A.: Yes.

“A closure is a special kind of object that combines two things: a function, and the environment in which that function was created. The environment consists of any local variables that were in-scope at the time that the closure was created.”

Closures have also been called

“the scope created when a function is declared that allows the function to access and manipulate variables that are external to that function. Put another way, closures allow a function to access all the variables, as well as other functions, that are in scope when the function itself is declared.”

Resig and Bibeault at 90.

Put yet another way, a “closure is a Function instance coupled with the local variables from its environment that are necessary for its execution.”

Bibeault and Katz at 429.

“A function declaration and its environment form a closure allowing the function, when later invoked, to access those local variables that become part of the closure.”

Bibeault and Katz at 431.

In most languages,
“when a function is declared, it has the ability to reference any variables that are in its scope at the point of declaration. . . . With closures, these variables are carried along with the function even after the point of declaration has gone out of scope, closing the declaration.”

Bibeault and Katz at 429.

“In other words, the function defined in the closure ‘remembers’ the environment in which it was created.” MDN. This is one of the “good parts” of JavaScript: With nested functions, “inner functions get access to the parameters and variables of the functions they are defined within (with the exception of this and arguments). Crockford at 37.


A popular closure answer on Stack Overflow shows the following example syntax:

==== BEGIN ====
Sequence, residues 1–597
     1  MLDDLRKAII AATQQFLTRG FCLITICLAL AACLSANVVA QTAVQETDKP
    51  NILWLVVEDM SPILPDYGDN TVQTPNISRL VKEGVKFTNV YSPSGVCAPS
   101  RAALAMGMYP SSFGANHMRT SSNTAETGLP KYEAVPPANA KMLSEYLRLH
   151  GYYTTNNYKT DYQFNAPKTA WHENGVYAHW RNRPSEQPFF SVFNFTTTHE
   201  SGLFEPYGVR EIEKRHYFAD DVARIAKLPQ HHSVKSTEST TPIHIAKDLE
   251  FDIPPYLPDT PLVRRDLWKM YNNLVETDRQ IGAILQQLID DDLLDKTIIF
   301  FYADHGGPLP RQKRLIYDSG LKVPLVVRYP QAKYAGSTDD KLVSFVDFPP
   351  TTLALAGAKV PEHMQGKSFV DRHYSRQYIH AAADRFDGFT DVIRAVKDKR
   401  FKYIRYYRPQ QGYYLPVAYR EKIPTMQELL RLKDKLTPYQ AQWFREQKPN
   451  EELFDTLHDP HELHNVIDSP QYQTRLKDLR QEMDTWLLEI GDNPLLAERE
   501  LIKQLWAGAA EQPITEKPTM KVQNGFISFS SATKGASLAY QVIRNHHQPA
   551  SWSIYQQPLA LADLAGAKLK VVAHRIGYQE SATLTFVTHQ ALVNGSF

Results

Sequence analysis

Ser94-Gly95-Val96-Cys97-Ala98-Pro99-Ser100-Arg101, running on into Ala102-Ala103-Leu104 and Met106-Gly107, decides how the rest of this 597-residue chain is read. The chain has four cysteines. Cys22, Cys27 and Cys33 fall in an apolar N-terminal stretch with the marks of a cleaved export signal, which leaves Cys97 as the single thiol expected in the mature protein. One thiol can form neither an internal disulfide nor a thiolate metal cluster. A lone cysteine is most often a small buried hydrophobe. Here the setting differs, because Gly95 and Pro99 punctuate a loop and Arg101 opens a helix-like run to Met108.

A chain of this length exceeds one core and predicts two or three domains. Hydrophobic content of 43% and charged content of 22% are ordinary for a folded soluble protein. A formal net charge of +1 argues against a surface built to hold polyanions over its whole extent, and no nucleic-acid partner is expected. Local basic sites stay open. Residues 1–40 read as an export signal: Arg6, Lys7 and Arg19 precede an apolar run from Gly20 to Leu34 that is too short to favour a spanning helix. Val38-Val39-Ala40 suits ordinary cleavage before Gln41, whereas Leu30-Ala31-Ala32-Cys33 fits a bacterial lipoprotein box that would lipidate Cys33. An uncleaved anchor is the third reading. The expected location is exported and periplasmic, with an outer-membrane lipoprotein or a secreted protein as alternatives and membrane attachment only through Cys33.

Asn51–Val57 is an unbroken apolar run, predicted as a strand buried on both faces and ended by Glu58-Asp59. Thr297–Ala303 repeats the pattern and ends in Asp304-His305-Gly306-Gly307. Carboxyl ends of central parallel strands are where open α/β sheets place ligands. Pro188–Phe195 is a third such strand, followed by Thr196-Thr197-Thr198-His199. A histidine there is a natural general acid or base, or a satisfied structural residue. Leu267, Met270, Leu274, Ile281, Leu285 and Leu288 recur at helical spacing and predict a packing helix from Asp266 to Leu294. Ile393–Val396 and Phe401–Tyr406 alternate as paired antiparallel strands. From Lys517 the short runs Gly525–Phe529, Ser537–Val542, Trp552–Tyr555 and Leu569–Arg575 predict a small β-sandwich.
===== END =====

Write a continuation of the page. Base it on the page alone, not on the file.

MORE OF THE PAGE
function foo(x) {
    var tmp = 3;
    function bar(y) {
        console.log(x + y + (++tmp)); 
        /* will log 16 */

“This will always alert 16, because bar can access the x which was defined as an argument to foo, and it can also access tmp from foo.

That is a closure. . . . Simply accessing variables outside of your immediate lexical scope creates a closure.”

Note that the above example features an inner function and an outer function – when you see nested functions, it should trigger thoughts of closures.

Implications for Development

“While scores of page authors get along writing on-page scripts without understanding the benefits of closures, the use of closures can not only help us reduce the amount and complexity of the script necessary to add advanced features to our pages, they allow us to do things that would simply not be possible, or would be too complex to be feasible, without them.”

Resig and Bibeault at 89.

In other words they have an “ability to drastically simplify complex operations.” Id.

For example, “the ability for callback functions to reference the local variables in effect when they were declared is an essential tool for writing effective JavaScript.” Bibeault and Katz at 429.

Emulation of “Private” Methods through the Module Pattern

In JavaScript, methods cannot be declared “private,” meaning that they can only be called by other methods in the same class. However, this can be emulated in JavaScript, especially by using the module pattern. See MDN and Ben Cherry, “Module Pattern in Depth”. Also see Angus Kroll, “Function Delarations v. Function Expressions”.

Cautionary Notes

It is possible to inadvertently create closures in JavaScript as they can be created without explicit syntax (unlike in other languages). Bibeault and Katz at 430. This can cause issues.

Memory Leaks

“It is unwise to unnecessarily create functions within other functions if closures are not needed for a particular task, as it will negatively affect script performance both in terms of processing speed and memory consumption.” MDN. For example, “circular references can lead to memory leaks. A classic example of this is the creation of DOM elements that refer back to closure variables, preventing those variables from being reclaimed.” Bibeault and Katz at 430; also see IBM.